|"Yes, Virginia, there is accountability"|
"Yes, Virginia, there is accountability"
Jan. 29th, 2007 @ 10:46 pm
:Yes, Virginia, there is accountability
The truth apparently has a liberal bias in the Virginia State Legislature these days, according to ABC
:Anger over Republicans killing bills without recording the vote, Democratic operatives began videotaping early morning and late-night statehouse proceedings and posting them on their assembly's blog and the Internet-based video site YouTube.
"We're providing openness and access to Virginia government," said Mark Bergman, spokesman for the Virginia Democratic Party.
Bergman argues that the videos are the only way for Virginians to see these committee proceedings because the Republican majority changed the rules in 2006 to allow off-hour committee and subcommittee votes to go unrecorded.
Last week, House Republicans in Virginia defeated a Democratic measure without recording the vote that would have raised the state's minimum wage.
I wonder what effect these video clips will have on advertising for Virginia's 2007 General Assembly elections.
Current Music: Linda Ronstadt - You're No Good
If they released the whole video then we'd have accountability. But to pick and choose what they release and to mock the legislators when they do, that's not doing anyone a service.
It is nice to know that people don't even know that they can get transcripts are going to sit through the whole video to hold people accountable.
I think his point is that it smacks of the same partisan squabling and soundbite mentality that has led us to most of our current political troubles -- if something isn't done with intellectual honesty, then it is subject to counter attack, and therefore will have negligible effect on the supporters of those politicians. Further, by editting clips, one cannot be reasonably certain that the 'facts' being presented are in context -- ever seen re-edits of 'reality tv'? it can be a whole different show with a few key changes to the editting.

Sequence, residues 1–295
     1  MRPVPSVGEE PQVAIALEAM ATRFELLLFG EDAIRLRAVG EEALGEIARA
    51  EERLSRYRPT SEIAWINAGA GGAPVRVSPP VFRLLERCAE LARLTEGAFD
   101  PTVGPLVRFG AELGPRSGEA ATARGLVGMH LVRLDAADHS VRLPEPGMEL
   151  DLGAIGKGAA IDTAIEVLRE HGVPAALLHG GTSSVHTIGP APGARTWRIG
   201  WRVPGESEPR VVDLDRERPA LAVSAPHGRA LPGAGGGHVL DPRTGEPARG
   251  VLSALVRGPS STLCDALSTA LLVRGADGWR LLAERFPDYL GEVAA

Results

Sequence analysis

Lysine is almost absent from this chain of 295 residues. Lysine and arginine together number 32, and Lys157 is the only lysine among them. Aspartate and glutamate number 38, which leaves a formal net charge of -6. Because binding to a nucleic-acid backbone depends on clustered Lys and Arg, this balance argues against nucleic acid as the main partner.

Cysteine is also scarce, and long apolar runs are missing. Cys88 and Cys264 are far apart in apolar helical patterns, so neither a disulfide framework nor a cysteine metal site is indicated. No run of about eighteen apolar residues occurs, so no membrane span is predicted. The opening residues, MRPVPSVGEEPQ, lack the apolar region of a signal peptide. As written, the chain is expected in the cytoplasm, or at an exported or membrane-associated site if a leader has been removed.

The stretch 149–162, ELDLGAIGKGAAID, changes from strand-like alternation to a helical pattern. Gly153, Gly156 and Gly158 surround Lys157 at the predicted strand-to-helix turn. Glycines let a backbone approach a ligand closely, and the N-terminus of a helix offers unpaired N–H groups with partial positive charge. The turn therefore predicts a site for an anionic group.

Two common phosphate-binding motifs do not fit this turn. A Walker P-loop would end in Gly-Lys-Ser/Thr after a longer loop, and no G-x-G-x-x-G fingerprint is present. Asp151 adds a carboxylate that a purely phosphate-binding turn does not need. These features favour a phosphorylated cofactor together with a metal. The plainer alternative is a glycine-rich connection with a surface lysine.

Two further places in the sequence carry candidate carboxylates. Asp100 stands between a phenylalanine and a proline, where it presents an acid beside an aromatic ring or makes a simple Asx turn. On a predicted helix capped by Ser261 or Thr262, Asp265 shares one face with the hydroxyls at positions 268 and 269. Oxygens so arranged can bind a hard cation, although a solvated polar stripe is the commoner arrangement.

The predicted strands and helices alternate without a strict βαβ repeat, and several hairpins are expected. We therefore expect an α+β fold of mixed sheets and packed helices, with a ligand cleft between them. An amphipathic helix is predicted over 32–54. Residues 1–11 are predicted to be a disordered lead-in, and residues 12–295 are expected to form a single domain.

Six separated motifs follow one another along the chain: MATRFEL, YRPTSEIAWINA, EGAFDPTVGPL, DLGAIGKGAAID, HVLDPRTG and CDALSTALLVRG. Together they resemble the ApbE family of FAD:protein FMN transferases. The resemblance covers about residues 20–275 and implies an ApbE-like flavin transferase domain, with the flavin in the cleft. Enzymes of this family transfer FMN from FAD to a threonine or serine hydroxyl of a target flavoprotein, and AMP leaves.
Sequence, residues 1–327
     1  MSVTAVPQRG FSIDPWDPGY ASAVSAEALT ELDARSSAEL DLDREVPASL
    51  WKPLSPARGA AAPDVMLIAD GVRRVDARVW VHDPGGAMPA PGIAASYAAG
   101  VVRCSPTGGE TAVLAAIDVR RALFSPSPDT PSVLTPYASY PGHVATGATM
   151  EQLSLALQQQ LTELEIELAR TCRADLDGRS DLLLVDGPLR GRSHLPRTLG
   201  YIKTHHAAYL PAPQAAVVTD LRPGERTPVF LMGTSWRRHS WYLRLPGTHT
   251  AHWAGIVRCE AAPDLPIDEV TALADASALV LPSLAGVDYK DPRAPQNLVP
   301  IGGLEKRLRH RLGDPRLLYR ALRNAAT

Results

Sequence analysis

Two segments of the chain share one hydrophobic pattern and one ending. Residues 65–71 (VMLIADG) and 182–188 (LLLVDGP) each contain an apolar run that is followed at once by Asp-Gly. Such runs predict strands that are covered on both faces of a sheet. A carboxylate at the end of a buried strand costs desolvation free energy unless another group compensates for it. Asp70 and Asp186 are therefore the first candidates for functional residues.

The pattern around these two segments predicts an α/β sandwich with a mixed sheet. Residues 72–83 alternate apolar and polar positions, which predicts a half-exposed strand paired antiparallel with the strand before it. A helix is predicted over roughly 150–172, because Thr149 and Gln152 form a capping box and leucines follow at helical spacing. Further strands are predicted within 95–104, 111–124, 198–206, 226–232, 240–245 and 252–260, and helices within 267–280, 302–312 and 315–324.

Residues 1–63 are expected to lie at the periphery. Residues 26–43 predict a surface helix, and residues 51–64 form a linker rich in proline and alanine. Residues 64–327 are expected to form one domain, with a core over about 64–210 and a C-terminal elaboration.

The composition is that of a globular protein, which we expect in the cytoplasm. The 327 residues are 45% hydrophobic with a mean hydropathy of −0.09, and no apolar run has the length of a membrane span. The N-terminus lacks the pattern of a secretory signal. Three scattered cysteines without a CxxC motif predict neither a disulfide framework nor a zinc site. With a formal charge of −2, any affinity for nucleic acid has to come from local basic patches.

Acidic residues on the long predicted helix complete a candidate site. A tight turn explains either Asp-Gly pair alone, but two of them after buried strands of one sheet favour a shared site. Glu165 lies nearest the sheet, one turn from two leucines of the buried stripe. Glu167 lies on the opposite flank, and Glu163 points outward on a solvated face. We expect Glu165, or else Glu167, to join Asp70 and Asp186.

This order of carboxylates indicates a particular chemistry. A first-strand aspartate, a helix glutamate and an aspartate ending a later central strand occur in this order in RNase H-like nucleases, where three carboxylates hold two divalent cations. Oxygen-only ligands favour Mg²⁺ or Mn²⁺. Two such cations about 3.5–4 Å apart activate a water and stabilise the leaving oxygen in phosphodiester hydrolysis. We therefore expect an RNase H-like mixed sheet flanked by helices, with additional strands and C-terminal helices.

If they want to be taken as the 'good guys' they need a higher moral stance, not meeting the other side where it is.
If you're saying that the cut videos are a way to point to the problems, and then people can further investigate using transcripts, then sure. But it probably makes more sense to provide links to the full length videos so people can see it for themselves, rather than editting the content. Sure -- post the highlights, but make the full available if you want credibility with thinking people.
No, actually I am saying that making more information available, more "transparency" just encourages people who really have no business making decisions to think that they have enough knowledge to cast an educated vote. Despite the fact that, like previously available information, they have not actually paid attention.
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